Splitting time between the Mile High City and New York City, Denver-based architect Katie Donahue has a unique perspective of what’s going on in the architectural arena.
Co-owner of K-Works Studio and also working for NYC based Handel Architects, Donahue has her hand in everything from large scale residential, commercial and mixed-use architecture to small scale homes, ADUs and art installations.
Donahue recently met via Zoom with the Usaj Realty staff and shared her thoughts on architectural styles in Colorado in general and what she sees ahead for Denver residential living during COVID-19 times and beyond.
What type of architecture/design do you see coming down the pipe in Denver?
Compared to East Coast cities, Denver is a young city. Consider that Denver was founded in 1858 compared to NYC in 1624. We tend to pick up on trends and ideas that come from the coasts but adapt them for Colorado living.
People here appreciate nature, outdoor recreation and often have a connection to the environment. Because of that, there is an interest in sustainable homes, but we haven’t been as quick to push progressive new methods of construction as other places. We are starting to see more Passive House buildings and homes. These are built to use very little energy by having tight envelopes, proper orientation to the elements, and use materials that drastically decrease thermal bridging (for heating or cooling to “leak”). This type of building started in Germany, a leading country in sustainable design, but is well suited for climates like Denver’s. I hope (and predict) to see more developers, more homeowners, and more builders pursuing Passive House design in the near future because it just makes sense. Energy codes are becoming stricter and any additional cost is quickly paid off from energy savings. This type of design is becoming easier and more common to do, and you end up with a home that has better indoor air quality, better sound-proofing, less impact on our planet, and dramatically lower utility bills.
Denver is also seeing more creative use of glass and façade design. We all want stellar views especially when it is of our glorious mountains. But, that being said, our society is also becoming more conscientious of the “glass tax” we pay. It’s a social responsibility cost: the more glass, the more energy leaks, and the more fossil fuels we burn. While windows are becoming higher performing, we are also seeing more people willing to give up floor to ceiling glass in order to have a more energy efficient building that’s easier on the planet.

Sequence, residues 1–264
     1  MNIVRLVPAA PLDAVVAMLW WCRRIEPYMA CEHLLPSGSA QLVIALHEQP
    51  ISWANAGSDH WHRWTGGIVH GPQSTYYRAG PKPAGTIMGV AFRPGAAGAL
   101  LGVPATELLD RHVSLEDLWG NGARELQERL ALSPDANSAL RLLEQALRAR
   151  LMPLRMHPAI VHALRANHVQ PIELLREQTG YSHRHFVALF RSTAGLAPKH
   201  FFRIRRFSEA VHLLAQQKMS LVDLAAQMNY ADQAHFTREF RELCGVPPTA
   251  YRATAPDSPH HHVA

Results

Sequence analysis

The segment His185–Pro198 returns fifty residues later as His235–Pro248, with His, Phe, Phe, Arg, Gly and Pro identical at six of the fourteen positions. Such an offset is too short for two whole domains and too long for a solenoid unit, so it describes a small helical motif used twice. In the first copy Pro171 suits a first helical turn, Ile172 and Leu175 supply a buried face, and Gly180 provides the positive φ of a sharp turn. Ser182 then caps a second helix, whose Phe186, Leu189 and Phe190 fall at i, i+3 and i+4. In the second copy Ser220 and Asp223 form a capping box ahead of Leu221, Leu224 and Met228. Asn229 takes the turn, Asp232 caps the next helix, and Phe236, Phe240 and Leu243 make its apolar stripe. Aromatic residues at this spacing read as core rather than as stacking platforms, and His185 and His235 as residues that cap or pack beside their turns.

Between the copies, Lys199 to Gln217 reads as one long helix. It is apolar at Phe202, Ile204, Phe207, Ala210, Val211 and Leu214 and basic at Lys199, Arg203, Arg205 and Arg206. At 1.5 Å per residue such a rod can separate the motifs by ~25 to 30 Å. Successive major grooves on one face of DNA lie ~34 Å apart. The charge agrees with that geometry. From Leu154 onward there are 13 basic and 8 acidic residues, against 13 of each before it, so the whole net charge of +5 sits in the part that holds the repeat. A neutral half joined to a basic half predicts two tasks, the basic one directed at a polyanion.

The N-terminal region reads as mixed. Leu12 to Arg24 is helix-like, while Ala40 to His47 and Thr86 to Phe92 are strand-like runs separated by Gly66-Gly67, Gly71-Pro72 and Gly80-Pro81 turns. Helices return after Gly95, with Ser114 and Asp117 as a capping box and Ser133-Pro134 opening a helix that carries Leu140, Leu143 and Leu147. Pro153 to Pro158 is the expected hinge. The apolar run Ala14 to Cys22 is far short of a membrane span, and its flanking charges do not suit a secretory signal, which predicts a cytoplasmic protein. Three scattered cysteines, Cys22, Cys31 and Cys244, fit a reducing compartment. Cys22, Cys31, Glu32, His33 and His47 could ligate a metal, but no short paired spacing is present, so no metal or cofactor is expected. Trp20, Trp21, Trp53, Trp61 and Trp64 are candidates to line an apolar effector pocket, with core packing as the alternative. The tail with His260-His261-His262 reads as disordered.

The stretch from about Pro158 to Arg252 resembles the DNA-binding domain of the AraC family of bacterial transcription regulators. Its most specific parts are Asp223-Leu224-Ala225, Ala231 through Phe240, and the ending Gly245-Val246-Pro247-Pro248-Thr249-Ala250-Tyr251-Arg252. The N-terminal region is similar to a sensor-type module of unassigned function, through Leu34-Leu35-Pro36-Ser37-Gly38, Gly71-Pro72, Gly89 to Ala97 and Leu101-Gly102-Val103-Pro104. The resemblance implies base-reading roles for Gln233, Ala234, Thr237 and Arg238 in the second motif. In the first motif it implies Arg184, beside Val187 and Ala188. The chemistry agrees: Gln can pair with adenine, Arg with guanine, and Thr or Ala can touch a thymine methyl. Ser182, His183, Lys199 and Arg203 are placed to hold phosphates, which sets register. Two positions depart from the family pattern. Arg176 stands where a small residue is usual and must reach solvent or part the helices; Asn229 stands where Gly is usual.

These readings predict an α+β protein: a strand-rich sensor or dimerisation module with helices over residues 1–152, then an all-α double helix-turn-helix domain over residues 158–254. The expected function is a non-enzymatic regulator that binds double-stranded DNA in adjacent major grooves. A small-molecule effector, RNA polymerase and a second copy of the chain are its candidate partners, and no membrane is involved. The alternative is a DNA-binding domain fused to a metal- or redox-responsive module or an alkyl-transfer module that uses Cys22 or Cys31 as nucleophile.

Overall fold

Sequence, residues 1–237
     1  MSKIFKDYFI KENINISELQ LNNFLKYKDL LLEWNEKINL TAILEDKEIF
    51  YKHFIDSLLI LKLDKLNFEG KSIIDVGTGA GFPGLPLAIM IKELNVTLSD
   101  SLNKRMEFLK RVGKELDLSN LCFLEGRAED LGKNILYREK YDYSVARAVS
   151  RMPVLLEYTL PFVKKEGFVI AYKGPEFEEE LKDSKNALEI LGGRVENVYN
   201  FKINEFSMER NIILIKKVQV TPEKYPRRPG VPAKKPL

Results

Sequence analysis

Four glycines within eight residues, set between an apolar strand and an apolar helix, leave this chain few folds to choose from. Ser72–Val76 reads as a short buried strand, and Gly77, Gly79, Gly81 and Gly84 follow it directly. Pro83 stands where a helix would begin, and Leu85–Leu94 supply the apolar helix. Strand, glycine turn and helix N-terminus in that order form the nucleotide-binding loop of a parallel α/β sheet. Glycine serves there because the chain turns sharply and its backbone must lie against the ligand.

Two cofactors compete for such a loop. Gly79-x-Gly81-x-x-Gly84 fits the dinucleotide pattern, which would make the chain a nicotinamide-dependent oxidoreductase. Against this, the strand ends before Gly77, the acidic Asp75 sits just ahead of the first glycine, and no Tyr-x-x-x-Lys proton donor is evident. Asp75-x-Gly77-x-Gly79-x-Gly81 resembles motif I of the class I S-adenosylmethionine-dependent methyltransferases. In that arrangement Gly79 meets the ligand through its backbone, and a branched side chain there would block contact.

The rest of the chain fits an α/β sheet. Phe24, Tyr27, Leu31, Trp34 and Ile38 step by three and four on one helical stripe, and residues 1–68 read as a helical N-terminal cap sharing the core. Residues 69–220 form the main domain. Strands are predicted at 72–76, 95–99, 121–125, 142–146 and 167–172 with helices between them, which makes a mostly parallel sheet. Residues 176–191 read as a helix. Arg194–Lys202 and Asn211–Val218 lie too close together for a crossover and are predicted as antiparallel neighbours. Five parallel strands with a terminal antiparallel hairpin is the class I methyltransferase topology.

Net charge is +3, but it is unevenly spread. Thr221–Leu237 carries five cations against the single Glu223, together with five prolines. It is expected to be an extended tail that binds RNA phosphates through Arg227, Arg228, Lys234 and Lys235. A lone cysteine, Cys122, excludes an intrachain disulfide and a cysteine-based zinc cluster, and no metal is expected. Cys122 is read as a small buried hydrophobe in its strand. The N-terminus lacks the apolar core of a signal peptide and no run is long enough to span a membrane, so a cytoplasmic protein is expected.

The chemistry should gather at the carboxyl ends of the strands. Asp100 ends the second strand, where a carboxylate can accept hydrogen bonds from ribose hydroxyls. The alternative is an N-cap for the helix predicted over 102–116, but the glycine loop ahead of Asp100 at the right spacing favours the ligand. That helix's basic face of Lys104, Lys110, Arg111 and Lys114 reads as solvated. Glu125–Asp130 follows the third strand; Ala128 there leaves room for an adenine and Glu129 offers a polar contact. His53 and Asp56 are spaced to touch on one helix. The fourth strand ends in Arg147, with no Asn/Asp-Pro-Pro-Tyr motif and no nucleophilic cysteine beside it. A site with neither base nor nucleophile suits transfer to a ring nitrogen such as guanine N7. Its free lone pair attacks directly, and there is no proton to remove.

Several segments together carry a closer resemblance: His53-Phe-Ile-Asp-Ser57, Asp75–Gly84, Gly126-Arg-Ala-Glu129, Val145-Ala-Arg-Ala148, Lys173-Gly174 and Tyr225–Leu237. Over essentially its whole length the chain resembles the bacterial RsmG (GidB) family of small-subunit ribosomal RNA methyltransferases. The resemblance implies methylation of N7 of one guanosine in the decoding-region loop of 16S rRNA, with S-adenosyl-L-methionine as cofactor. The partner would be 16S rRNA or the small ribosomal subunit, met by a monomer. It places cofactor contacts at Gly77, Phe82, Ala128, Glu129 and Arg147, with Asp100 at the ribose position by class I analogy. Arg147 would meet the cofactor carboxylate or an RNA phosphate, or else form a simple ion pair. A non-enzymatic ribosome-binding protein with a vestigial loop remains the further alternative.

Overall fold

What specific features are people asking about when designing/looking into buying a home?
In many cities these days, especially those in Colorado with large populations of aging communities, there is a desire to be able to age-in-place. It’s less common for retirees to want to move to a sprawling compound for seniors. More people want to be close to the action that urban places offer and be able to walk to shops, parks, restaurants, museums and other attractions.
We are also seeing continual advances in “smart homes.” People want to know what the latest is in pairing technology and our homes. There is an option to buy gadgets off the shelf – a Ring doorbell camera, Alexa personal home device, Nest thermostat, just to name a few of the many dozens that can help you control your home’s surveillance, lights, music, temperature from your phone – or to have them hardwired into your house.
Additionally, there is often conversation about photovoltaic panels (solar panels) in Denver because it happens to be one of the sunniest cities in the country. Many homeowners or home seekers want to know if the investment to put panels on their roof will pay off. This depends on many things including the house’s regional location, it’s orientation to the sun and avoidance of shade, the actual type of roof for attachment, current incentive programs from utility or governmental entities, and the company that would perform the installation. In general, though, we are seeing increasing provisions for solar panels in local energy codes and renewable energy sources continue to be a more accessible choice for many.
(Editor’s note: Denver has a current goal for all new buildings and homes to achieve net-zero energy by 2035, as specified in the 80×50 Climate Action Plan. Denver defines “Net Zero Energy (NZE)” as a new building or home that is highly energy-efficient and fully powered from on-site and/or off-site renewable energy. This means that new buildings and homes will be: